IT service management teams in state and local government agencies are experiencing increased demands in rapidly changing environments that are growing more complex. Without additional resources, job satisfaction and employee retention decline. At the same time, budget pressures and constrained resources can negatively impact service quality and an agency’s ability to deliver timely constituent services. MeriTalk recently sat down with Andrew Graf, chief product officer at TeamDynamix, to discuss the trends that have the greatest potential to overcome these IT service management challenges in 2024.

MeriTalk: The Center for Digital Government recently released the 2024 Outlook for Trends in IT Service Management (ITSM) report, which is based on a survey of state and local government IT professionals commissioned by TeamDynamix. What are some of the key takeaways from the survey?

Graf: The survey uncovered that while IT environments have become more complex due to factors like the proliferation of applications and more reliance on the cloud, there hasn’t been a commensurate increase in IT resources to manage and support those environments. IT service management teams are being asked to do more with less, and that just isn’t sustainable. Because budget increases to add more staffing resources are unlikely, IT leaders need to find other ways to manage their increasingly complex environments in order to retain their IT talent and offer a good customer service experience.

MeriTalk: Lack of automation was reported as a significant service management challenge. What are some common repetitive, manual tasks that can be automated? What barriers do IT teams face when pushing to automate these tasks?

Graf: Think about the things that you ask for from your IT service desk – things that you feel shouldn’t take too much time or things you can’t wait on. These include things like password resets, granting access to new software, and adding someone to a message group. These are simple, mundane tasks that IT staff perform every day. While they are doing those tasks, they aren’t able to perform other high-priority work. Those simple tasks are the low-hanging fruits for automation. This is where no-code becomes so critical. If you are living with an overly complex platform that requires development resources to create automation, you will find it harder and harder to keep up with the pace of change.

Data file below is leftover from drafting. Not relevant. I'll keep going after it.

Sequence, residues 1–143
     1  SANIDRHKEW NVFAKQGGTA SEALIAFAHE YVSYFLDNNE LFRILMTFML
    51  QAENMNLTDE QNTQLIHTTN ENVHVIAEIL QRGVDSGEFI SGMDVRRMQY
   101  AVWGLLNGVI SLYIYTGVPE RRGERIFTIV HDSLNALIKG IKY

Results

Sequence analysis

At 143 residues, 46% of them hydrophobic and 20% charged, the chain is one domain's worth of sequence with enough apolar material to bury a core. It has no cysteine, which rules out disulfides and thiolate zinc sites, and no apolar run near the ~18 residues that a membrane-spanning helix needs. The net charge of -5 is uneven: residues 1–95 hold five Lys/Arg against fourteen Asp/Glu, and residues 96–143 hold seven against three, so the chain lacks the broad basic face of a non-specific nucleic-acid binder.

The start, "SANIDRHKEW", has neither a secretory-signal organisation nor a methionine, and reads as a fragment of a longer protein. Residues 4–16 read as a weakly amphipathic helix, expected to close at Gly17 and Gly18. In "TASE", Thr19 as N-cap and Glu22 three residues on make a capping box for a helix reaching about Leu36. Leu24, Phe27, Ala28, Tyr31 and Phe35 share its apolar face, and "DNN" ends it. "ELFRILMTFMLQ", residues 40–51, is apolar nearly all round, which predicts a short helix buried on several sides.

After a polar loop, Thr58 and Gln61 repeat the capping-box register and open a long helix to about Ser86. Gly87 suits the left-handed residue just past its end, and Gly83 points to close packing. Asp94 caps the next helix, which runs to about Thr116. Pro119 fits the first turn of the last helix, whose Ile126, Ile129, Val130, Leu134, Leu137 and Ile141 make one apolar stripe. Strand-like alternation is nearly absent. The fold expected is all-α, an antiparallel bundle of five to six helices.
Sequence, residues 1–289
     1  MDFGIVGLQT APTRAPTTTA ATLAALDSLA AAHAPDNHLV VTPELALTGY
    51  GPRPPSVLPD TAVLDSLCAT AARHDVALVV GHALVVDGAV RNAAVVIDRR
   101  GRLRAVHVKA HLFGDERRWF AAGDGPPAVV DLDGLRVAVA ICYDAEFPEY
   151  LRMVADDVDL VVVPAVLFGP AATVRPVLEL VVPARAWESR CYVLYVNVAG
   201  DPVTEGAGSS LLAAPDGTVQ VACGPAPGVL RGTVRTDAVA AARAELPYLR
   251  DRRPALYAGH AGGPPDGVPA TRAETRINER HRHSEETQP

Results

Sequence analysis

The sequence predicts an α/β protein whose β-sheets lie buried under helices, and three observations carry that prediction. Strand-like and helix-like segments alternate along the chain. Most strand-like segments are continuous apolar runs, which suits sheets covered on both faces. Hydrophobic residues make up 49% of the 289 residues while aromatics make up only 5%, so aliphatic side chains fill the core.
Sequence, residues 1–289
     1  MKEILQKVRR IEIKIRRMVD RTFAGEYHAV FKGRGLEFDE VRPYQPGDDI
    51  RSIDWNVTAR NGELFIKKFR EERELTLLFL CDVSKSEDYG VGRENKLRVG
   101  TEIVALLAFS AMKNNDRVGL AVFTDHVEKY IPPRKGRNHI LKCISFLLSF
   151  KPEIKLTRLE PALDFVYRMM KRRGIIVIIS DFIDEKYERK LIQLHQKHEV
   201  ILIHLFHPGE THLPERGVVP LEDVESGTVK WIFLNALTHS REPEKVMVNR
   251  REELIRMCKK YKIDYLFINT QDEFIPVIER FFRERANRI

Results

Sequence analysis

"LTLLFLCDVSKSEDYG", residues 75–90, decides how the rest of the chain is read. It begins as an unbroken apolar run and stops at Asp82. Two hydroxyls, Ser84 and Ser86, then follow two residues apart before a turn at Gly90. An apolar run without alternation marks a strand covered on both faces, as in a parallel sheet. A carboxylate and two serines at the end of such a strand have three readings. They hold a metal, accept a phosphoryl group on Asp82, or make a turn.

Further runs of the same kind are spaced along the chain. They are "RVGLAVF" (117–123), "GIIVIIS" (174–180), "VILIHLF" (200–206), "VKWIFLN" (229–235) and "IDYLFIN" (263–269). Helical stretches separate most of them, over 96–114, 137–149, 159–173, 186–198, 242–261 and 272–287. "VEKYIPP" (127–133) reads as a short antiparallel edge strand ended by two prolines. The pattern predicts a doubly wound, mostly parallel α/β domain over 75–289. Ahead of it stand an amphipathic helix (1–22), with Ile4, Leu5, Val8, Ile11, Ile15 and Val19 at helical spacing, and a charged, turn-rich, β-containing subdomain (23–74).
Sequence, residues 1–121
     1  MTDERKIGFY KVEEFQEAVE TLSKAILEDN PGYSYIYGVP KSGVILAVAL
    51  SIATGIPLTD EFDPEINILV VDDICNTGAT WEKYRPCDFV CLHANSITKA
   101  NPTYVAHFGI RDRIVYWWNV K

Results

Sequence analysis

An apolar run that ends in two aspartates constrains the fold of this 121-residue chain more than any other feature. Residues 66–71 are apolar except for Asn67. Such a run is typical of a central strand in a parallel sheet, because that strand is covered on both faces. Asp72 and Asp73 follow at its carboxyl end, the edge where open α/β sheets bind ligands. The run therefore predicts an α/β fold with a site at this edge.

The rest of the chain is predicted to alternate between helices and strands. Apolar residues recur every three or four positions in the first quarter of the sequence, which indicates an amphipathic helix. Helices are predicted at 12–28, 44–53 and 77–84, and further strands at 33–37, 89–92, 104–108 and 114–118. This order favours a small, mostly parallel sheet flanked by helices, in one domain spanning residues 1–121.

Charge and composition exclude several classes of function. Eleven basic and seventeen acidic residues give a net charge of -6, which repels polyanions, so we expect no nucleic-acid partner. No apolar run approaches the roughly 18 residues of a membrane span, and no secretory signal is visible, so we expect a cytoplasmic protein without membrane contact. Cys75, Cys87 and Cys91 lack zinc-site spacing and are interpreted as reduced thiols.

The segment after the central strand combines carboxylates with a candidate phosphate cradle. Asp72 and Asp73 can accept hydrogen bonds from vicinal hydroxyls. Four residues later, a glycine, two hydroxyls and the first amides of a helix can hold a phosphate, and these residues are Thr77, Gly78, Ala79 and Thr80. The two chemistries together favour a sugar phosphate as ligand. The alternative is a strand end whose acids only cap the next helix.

A great opportunity for automation is onboarding and offboarding employees, which usually involves a lot of different activities and departments. TeamDynamix found that on average, IT teams spend 35 hours to onboard a new employee without automation. Offboarding employees is arguably more important because it involves security risk, and it also takes a significant chunk of time. While agencies can’t automate all onboarding and offboarding tasks, automation could help reduce those 35 hours down to a handful of hours. That’s a big deal, especially with increased complexity and demand coupled with a stagnant resource pool. Automation is impactful.

As for barriers to automation, the word itself has a negative perception, as people may feel that automation will take their jobs. Agency leaders should work to change that perception because automation can improve service desk jobs. It removes mundane tasks from analysts’ day-to-day activities, allowing them to spend time performing high-priority tasks, work through requests that require person-to-person interaction, or find solutions to complex problems. All of those activities make jobs more interesting and improve job satisfaction, which helps with retention.

MeriTalk: Survey respondents indicated that staffing and budget constraints are their greatest ITSM challenges. How does TeamDynamix educate government IT teams and stakeholders about modern ITSM processes that can positively impact IT budgets and help relieve staffing constraints?